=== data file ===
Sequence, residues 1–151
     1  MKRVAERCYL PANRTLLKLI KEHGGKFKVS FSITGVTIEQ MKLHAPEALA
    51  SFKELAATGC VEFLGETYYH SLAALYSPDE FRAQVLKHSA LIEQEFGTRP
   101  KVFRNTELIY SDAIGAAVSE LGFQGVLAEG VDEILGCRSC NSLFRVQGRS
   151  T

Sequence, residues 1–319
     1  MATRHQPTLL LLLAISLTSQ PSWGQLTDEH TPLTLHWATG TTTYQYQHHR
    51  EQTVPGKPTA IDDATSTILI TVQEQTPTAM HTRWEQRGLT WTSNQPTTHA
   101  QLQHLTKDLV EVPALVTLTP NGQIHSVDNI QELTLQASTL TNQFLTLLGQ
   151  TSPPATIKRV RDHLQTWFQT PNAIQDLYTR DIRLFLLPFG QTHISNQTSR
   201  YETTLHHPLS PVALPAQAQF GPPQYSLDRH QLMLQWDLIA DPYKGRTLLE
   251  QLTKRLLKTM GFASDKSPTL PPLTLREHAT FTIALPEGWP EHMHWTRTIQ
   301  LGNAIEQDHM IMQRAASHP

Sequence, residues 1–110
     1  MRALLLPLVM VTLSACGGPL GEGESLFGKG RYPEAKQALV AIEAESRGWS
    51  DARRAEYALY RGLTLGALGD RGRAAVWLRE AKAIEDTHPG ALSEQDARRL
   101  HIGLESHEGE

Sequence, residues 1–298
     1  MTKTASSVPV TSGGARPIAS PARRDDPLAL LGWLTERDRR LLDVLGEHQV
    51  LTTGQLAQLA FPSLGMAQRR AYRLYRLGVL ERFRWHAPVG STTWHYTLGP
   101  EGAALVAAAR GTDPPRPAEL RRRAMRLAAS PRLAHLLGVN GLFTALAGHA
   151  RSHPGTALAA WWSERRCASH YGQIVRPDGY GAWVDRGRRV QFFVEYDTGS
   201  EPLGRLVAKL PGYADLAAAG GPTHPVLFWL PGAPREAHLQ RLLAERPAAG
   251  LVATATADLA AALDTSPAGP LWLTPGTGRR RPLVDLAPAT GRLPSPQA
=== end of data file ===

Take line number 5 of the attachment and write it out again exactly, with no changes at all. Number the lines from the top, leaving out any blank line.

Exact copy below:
   151  T